Whether for love or for visa, deciding whether to marry is never an easy thing. In the United States, where more than 12 million people live as “undocumented” immigrants, falling in love and getting married to an American is one way legal status can be resolved.
According to the U.S. Department of Homeland Security 1,052,415 people obtained “legal status” in the United States in 2007. Of these, 274,358 people obtained it by marrying U.S. citizens.
On the website of anti-immigration advocacy group Center for Immigration Studies, David Seminara questions how many of these thousands of marriages were really for love, and highlights examples of mail-order brides, arranged marriages, and money exchanging hands.
Plenty of immigrant bloggers discuss their own thoughts on marriage and documents in the United States.
Marriage of inconvenience
El Random Hero in California writes that as an undocumented migrant, friends and family have suggested marriage to him as an option, but that he finds the idea too far-fetched:
“It's one of the hardest things to do for me personally really. Being of illegal status in this country I feel that this is a burden I should carry alone. Of course countless friends have joked and suggested that I get married to an American girl and get my papers. 9-11 changed the world forever and its affects are still being felt in waves. Getting married is no longer a viable option because immigration has seriously started preventing and prosecuting individuals involved with green card marriages. Then there are the moral ramifications of spitting on the sacred act that is marriage so I'm left at a cross road.”
In another blog, Damn Mexicans, the blogger discusses a newspaper article about Julia and Gustavo, two siblings who came to the United States at age 11 and 18. Gustavo married an American citizen, but Julia remains undocumented as she works her way through college.
“…too many people think it's as easy as marrying an American citizen. Julia is 18 and has never had a boyfriend. Think back and try to remember who you were dating at the age of 18. Think if you married that person. shudders. For most of us, it's a scary thought. 18 is too young to get married and Gustavo being married at the age of 21 was too young as well but forced into it by his situation.”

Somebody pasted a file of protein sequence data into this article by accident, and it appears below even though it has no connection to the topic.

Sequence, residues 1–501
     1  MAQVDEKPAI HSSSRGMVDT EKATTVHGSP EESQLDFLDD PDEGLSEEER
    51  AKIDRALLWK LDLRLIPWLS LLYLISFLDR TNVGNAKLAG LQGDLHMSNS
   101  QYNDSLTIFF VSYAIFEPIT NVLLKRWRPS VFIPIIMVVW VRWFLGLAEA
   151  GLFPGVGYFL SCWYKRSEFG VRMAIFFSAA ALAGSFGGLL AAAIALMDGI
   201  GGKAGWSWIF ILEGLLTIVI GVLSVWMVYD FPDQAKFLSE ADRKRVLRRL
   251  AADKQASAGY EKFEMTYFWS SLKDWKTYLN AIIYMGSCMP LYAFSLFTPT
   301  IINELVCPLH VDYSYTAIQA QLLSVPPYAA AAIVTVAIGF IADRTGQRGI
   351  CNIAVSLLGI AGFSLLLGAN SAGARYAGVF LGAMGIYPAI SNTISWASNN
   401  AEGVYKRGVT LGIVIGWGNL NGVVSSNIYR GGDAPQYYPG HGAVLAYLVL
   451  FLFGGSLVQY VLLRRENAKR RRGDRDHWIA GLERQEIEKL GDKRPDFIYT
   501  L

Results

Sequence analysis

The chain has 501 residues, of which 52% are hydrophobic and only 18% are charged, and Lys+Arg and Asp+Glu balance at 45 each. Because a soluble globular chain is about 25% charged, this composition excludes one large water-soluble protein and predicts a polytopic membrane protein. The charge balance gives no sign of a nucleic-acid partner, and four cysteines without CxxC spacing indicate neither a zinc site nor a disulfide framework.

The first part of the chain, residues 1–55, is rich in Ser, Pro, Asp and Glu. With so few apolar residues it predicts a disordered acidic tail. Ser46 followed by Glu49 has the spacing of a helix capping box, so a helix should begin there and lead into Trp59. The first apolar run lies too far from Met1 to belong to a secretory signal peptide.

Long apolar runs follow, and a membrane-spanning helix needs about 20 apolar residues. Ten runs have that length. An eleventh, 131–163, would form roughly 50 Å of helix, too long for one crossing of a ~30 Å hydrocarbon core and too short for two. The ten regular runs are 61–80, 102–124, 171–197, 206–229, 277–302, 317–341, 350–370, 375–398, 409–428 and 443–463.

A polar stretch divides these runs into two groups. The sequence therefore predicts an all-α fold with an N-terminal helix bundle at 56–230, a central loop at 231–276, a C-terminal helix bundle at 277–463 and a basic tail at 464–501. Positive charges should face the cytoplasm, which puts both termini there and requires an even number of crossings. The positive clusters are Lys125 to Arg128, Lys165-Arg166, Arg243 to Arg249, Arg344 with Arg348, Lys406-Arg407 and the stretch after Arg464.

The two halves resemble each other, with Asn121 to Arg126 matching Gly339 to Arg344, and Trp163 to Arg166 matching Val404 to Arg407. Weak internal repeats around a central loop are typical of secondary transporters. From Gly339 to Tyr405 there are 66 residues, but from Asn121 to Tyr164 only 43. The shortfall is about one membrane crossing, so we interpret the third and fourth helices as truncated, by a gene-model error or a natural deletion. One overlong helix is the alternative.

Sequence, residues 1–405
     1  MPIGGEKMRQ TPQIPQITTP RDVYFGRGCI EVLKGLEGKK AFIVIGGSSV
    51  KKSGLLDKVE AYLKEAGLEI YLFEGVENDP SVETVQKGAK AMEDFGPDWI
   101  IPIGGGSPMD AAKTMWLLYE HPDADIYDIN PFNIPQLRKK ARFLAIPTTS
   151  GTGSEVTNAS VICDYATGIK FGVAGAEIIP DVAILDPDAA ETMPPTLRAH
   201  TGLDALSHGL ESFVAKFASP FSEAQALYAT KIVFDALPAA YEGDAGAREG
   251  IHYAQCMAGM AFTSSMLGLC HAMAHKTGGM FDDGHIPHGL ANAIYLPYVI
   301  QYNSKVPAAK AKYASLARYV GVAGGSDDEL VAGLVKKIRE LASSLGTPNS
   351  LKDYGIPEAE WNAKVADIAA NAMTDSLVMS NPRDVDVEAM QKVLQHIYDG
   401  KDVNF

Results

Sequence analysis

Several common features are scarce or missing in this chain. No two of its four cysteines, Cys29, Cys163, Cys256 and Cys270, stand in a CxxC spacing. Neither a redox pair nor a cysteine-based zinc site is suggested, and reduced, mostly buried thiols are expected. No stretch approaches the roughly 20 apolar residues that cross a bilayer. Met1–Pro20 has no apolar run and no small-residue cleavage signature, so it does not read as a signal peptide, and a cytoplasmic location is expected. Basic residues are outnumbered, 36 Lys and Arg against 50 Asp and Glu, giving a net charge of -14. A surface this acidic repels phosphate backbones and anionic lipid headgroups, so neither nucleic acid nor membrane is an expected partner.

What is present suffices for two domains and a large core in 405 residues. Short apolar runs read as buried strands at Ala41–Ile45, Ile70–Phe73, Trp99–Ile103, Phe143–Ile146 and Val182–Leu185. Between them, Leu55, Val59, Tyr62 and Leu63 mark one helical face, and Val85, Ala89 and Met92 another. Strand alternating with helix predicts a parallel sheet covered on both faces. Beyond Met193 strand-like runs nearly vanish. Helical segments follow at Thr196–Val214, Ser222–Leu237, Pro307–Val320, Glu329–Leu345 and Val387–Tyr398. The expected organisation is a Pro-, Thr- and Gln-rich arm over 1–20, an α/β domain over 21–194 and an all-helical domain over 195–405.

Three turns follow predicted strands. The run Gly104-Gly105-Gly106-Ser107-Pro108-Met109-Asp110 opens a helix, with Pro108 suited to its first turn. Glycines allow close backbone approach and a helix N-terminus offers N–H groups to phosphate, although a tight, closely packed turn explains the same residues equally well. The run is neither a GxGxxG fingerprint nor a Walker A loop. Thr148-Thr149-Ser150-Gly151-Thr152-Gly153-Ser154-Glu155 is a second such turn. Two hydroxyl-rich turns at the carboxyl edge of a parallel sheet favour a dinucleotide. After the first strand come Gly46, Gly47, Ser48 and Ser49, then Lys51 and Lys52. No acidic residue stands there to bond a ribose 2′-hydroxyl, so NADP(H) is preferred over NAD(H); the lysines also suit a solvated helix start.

“Till death do us part”
According to the organization, Surviving Spouses Against Deportation, some people are threatened with deportation when their “legal” husband or wife dies.
“Because of a flaw in the law, legal spouses of American citizens face automatic denial and threat of deportation when their spouses die during lengthy bureaucratic green card processing. There are over one hundred eighty of these cases across the country affecting women, mothers and children.”
Blogger My life as an Alien discusses one case.
“Dahianna Heard, the widow of Jeffrey Heard, killed in March 2006 when the Army soldier was shot in the head by insurgents while delivering equipment to U.S. troops in Iraq. Dahianna Heard, a citizen of Venezuela who lives in Florida, now could be deported even though she and her husband had applied for her residency permit and were awaiting completion of the paperwork. They also had a son who is a U.S. citizen but faces an uncertain future if his mother is deported.”
The blogger writes that she has gone through all the “hurdles” to gain citizenship but can understand how the spouses must feel.
“It is hard to move to a new country, it is a big adjustment. And after you make this new place a home, the old country is not home anymore. I can’t imagine losing my husband and then my home.”
Broken dreams, strong hearts
Amy is a U.S. citizen living in Chicago, Illinois while her husband Carlos, once an undocumented migrant, is now living in Monterrey, Mexico. Amy writes in their shared blog, Destinazione Paradiso that because Carlos migrated from Mexico to the United States “illegally” as a teenager, he faces legal problems that even a marriage can't fix.
“You see, contrary to popular belief (blog post on THAT coming soon), people brought into the US illegally can't simply fix their status by returning to their home countries and asking for a visa. Nor can they fix it automatically by marrying a US citizen. And while generally, crimes committed as a minor are viewed differently than those committed as an adult, in the immigration world, age doesn't matter: you can be held to the same penalties whether you entered illegally at age 8 or 58.
Carlos’ immigration story just happens to cross not one, but TWO grey areas of the Immigration and Nationality Act of 1996. It happens that while the law forgot to specifically address minors in certain areas of the Act, the US consulate in Mexico has recently decided to apply its own rules and treat minors identically to adults.”
In October 2008, Carlos was given the verdict that he could no longer legally enter the United States. His wife Amy wrote:
“Well, sadly, our year-long immigration adventure has experienced a violent and devastating collision with the reality of immigration law. After nearly 11 months, two humiliating Mexican jobs, thousands of dollars, 9 international flights, endless hopes and dreams, and tons of prayers, we are left empty-handed. As things stand right now, Carlos is banned from entering the US for life, and there is no opportunity for a waiver. This was always a possibility, sort of the worst-case scenario, but this is now our only scenario.”
Nevertheless, Amy writes that the fight continues.
Photo of wedding ring above is shared under Creative Commons license by Pictr30D on flickr.